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Money grab

Traffic at McCarran International Airport dropped more than 13 percent in September when measured against the same month in 2007. It was the 11th consecutive month of such declines.

Meanwhile, gaming stocks have tanked and the state casino win has suffered double-digit monthly drops, reflecting a stagnant economy, lower visitor volume and perhaps an ominous change in visitor spending habits.

Against this stark backdrop, soldiers of the education establishment on Monday delivered more than 100,000 signatures to the Clark County Election Center demanding that the Legislature increase the room tax by 3 percentage points in order to generate more money for the public schools.

“We want to see needed resources and revenue get to the classroom as soon as possible,” said Lynn Warne, president of the state teachers union.

Never mind that a large tax increase will further burden an already struggling industry and could trigger economic consequences that actually threaten Nevada public school budgets.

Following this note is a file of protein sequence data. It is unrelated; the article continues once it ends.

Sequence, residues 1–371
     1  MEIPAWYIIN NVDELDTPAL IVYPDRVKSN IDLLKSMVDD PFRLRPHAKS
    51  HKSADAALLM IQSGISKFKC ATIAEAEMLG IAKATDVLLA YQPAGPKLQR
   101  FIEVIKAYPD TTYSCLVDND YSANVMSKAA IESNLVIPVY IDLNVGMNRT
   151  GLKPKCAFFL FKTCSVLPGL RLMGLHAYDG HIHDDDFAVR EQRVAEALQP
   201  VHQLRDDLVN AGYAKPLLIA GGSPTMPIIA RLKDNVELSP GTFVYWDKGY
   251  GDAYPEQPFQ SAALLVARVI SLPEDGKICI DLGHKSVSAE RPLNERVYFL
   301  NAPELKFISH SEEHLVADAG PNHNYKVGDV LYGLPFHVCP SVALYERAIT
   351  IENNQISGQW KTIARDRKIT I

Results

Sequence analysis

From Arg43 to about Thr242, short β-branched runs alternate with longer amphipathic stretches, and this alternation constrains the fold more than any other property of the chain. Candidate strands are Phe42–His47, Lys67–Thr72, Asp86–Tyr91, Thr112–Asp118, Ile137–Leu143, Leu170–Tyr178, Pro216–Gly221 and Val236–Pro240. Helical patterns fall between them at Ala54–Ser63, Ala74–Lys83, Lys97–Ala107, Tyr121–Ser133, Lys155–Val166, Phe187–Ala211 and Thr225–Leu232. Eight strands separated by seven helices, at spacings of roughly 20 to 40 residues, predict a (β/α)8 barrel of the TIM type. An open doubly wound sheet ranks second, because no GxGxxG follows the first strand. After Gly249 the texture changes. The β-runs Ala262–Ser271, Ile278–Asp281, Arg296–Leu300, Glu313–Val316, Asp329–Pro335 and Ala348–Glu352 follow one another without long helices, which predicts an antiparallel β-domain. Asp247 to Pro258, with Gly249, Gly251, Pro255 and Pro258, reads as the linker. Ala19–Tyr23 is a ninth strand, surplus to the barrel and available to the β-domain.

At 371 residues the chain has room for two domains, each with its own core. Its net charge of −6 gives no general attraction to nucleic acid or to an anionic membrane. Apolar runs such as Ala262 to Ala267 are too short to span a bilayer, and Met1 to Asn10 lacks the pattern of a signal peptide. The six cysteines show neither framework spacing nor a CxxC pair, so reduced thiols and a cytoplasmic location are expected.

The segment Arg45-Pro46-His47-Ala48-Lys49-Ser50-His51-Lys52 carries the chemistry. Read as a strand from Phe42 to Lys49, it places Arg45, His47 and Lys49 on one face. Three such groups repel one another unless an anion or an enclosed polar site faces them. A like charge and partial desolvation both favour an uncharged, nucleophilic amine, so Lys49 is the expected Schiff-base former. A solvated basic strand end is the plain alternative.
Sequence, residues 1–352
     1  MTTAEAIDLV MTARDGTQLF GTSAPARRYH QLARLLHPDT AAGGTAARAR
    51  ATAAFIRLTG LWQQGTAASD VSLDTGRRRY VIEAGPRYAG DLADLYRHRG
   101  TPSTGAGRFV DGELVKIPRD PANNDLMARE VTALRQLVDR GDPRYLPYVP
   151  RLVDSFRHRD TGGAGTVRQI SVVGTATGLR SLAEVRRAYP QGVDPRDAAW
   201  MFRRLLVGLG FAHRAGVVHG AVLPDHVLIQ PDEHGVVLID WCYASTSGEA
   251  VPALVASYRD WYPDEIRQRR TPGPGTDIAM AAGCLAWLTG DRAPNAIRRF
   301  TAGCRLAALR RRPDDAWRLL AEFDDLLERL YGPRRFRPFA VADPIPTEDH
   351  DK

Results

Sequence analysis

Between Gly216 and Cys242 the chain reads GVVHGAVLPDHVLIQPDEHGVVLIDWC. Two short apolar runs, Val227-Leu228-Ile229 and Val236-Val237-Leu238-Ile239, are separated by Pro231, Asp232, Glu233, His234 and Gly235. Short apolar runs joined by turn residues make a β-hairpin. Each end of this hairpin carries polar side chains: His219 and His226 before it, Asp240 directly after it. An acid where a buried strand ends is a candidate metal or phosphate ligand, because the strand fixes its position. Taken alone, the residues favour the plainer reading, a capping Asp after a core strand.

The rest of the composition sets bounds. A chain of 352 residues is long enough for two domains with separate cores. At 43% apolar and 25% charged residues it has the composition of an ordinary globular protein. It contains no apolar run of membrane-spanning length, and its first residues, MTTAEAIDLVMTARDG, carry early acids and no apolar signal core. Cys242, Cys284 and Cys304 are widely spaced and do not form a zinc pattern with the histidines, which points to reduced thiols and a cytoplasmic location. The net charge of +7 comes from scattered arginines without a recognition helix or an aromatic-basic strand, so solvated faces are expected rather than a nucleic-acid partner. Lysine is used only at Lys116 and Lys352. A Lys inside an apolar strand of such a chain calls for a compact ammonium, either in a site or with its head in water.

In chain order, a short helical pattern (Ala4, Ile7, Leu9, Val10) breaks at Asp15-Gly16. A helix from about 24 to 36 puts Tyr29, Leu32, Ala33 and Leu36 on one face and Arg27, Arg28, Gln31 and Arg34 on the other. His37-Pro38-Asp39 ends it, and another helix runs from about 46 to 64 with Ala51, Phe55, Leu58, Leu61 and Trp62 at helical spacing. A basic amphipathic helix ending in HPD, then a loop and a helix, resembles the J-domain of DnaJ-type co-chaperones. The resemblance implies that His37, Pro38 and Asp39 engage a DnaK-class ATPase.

The petition drive is in concert with an advisory question on the November ballot in Washoe and Clark counties asking voters whether they favor the room tax hike. Proponents of the measure hope a victory at the ballot box will prod the Legislature to enact the tax hike next session. If lawmakers balk, however, the petition signatures will ensure that the measure goes on the 2010 ballot as a binding initiative.

Some gamers, aware of the destructive ramifications of higher taxes, have nonetheless jumped in bed with the educrats, praying a room tax hike will help them head off teachers union efforts to increase the gaming tax. They deserve their fate when they choose pragmatism over principle.

Polls show voters favor the room tax increase.

But Nevadans must realize that this money grab comes with little regard for accountability. (In return for the millions, do Ms. Warne & Co. guarantee taxpayers an increase in student test scores or achievement? Ha. Ha.) And during these trying times — as the state’s economy sits on the brink and Nevada’s major industry faces an array of challenges — is this really a wise proposal?

Even a schoolchild can see it isn’t.

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